The Scientific and Mathematical Papers of Sir Isaac Newton
|Region / Country||
- Europe • North America > Israel
||Owner||Cambridge University Library, King’s College Cambridge, Trinity College Cambridge, Royal Society London, Fitzwilliam Museum Cambridge|
|Year of Registration||2017||Custodian||Cambridge University Library, King’s College Cambridge, Trinity College Cambridge, Royal Society London, Fitzwilliam Museum Cambridge|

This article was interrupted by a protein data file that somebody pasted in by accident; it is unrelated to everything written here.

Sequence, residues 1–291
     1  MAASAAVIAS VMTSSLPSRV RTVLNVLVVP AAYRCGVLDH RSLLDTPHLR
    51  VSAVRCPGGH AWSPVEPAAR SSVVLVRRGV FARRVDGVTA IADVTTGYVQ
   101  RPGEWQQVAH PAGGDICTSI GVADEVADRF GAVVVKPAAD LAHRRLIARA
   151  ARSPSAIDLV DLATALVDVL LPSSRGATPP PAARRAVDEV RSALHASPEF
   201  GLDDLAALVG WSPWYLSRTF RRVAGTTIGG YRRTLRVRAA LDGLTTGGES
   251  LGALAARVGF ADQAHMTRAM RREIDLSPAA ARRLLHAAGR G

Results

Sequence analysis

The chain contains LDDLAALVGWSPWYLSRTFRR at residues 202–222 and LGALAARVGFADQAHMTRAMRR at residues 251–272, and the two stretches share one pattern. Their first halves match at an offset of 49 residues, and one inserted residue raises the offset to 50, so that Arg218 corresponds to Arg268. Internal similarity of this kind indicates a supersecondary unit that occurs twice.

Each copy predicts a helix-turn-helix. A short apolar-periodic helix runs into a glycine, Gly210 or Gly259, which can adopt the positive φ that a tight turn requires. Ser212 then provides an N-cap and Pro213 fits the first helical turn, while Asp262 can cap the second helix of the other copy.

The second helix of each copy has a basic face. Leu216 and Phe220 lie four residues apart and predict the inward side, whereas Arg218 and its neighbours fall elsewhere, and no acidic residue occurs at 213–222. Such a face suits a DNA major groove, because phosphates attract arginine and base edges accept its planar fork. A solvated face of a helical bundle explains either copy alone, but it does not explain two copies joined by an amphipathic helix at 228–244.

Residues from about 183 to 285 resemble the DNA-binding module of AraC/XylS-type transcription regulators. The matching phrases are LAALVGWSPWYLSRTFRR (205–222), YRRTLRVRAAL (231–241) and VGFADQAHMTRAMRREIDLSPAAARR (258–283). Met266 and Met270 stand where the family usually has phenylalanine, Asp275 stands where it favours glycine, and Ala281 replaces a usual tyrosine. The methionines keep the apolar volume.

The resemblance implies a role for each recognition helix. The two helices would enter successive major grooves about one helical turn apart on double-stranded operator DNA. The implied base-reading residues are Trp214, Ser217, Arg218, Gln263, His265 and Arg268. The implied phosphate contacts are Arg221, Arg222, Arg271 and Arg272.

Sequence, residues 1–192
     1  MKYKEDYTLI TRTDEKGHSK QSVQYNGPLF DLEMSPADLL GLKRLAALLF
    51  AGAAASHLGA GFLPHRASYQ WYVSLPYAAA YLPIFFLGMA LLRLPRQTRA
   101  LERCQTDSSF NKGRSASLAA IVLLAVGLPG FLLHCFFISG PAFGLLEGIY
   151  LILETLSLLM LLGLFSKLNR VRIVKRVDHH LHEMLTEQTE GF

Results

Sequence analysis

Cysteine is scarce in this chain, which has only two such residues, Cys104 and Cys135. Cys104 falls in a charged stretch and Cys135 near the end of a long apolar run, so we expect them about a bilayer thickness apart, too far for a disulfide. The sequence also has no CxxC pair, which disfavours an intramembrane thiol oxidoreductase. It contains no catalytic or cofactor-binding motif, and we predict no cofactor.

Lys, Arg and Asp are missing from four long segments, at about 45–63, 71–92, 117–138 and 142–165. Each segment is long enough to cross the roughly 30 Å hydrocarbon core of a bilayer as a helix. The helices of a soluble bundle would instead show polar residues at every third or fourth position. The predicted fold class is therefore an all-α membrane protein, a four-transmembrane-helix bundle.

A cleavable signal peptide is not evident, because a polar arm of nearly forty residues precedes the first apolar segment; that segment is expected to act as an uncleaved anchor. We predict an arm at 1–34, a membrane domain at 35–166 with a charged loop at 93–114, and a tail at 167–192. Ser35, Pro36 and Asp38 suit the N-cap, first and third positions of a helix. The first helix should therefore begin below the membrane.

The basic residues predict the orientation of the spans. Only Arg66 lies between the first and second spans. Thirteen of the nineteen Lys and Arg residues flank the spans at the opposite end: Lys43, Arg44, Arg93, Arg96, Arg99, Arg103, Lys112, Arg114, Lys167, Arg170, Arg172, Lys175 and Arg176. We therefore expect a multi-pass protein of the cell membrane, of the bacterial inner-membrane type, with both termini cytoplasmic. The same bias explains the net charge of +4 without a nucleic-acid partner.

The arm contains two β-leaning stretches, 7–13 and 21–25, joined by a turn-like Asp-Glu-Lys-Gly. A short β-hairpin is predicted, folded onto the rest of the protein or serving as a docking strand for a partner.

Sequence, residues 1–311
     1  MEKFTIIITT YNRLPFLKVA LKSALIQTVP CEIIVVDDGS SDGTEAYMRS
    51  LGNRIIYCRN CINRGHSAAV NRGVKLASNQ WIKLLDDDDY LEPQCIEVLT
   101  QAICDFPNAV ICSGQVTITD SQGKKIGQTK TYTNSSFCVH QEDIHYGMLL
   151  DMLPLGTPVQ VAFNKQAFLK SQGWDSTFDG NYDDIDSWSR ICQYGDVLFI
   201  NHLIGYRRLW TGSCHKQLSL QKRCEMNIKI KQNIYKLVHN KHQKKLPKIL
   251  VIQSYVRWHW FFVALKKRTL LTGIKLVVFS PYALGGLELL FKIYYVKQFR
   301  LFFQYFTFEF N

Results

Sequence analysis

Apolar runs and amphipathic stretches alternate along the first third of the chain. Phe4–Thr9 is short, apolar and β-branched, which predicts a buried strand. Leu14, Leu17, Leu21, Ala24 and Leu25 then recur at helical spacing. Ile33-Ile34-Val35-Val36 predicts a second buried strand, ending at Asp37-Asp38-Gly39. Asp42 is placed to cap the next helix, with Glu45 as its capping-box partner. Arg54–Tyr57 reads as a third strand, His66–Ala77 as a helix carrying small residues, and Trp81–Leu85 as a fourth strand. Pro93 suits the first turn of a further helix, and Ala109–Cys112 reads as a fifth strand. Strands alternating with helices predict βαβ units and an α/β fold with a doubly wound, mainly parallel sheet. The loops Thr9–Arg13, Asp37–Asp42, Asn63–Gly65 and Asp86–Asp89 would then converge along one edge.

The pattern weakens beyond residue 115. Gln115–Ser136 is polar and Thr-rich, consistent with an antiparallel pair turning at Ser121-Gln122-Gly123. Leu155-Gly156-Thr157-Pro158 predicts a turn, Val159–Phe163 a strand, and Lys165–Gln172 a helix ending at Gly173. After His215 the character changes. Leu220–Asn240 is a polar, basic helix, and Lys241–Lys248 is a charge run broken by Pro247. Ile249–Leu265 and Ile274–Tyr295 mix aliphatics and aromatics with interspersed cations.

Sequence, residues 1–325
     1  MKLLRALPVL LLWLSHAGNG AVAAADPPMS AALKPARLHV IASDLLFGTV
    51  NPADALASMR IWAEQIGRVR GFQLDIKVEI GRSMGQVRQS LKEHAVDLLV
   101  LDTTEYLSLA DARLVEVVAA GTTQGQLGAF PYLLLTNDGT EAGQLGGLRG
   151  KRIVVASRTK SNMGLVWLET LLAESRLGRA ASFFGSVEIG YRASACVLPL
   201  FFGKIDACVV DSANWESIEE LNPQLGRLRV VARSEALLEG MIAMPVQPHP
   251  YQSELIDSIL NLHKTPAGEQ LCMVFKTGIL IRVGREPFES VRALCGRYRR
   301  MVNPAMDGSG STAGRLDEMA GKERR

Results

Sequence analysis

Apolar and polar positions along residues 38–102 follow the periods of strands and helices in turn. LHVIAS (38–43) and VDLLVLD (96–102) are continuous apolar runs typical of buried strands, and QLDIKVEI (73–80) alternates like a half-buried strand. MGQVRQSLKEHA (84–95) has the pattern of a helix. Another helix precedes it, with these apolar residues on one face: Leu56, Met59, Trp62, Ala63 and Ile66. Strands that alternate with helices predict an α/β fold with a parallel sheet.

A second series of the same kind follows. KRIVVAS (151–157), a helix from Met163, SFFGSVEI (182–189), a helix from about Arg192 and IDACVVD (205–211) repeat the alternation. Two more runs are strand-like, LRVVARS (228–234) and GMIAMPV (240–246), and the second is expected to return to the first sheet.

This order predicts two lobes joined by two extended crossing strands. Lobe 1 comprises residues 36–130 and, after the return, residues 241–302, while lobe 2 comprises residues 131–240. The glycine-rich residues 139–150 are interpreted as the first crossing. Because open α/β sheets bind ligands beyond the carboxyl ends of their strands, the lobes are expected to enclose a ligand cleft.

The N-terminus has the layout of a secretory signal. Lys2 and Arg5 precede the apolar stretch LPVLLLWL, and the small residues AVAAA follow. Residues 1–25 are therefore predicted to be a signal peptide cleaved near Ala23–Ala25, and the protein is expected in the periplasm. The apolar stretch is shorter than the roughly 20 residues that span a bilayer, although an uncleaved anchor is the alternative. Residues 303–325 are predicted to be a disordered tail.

Newton’s fame as one of the greatest scientists of any age continues to this day. As his biographer Richard Westfall notes, his ‘work may have done more to shape the modern world than any other ever published’. However, it is only through the documentary heritage represented by his scientific and mathematical papers at Cambridge University Library that we see a full picture of Newton and how he worked. The papers represent one of the most important archives of scientific and intellectual work on global phenomena. They document the development of his thought on universal gravitation, calculus, and optics and reveal not discoveries fully formed through inspiration of a lone genius, but ideas worked out through painstaking experiments, calculations, correspondence and revisions. It would be difficult to find a more striking illustration of the historical background to our own scientific age, which is why we wish to propose the collection for inscription in the International Memory of the World Register. We also propose to include UK documentary heritage of Isaac Newton consisting of personal notebooks, correspondence, the manuscript and annotated editions of Philosophiae naturalis principia mathematica from the libraries of Trinity College and the Fitzwilliam Museum in Cambridge and the Royal Society of London; and the substantial and significant collection of alchemical, theological and administrative manuscripts form the Isaac Newton collection in the Keynes Manuscripts in the library of King’s College, Cambridge.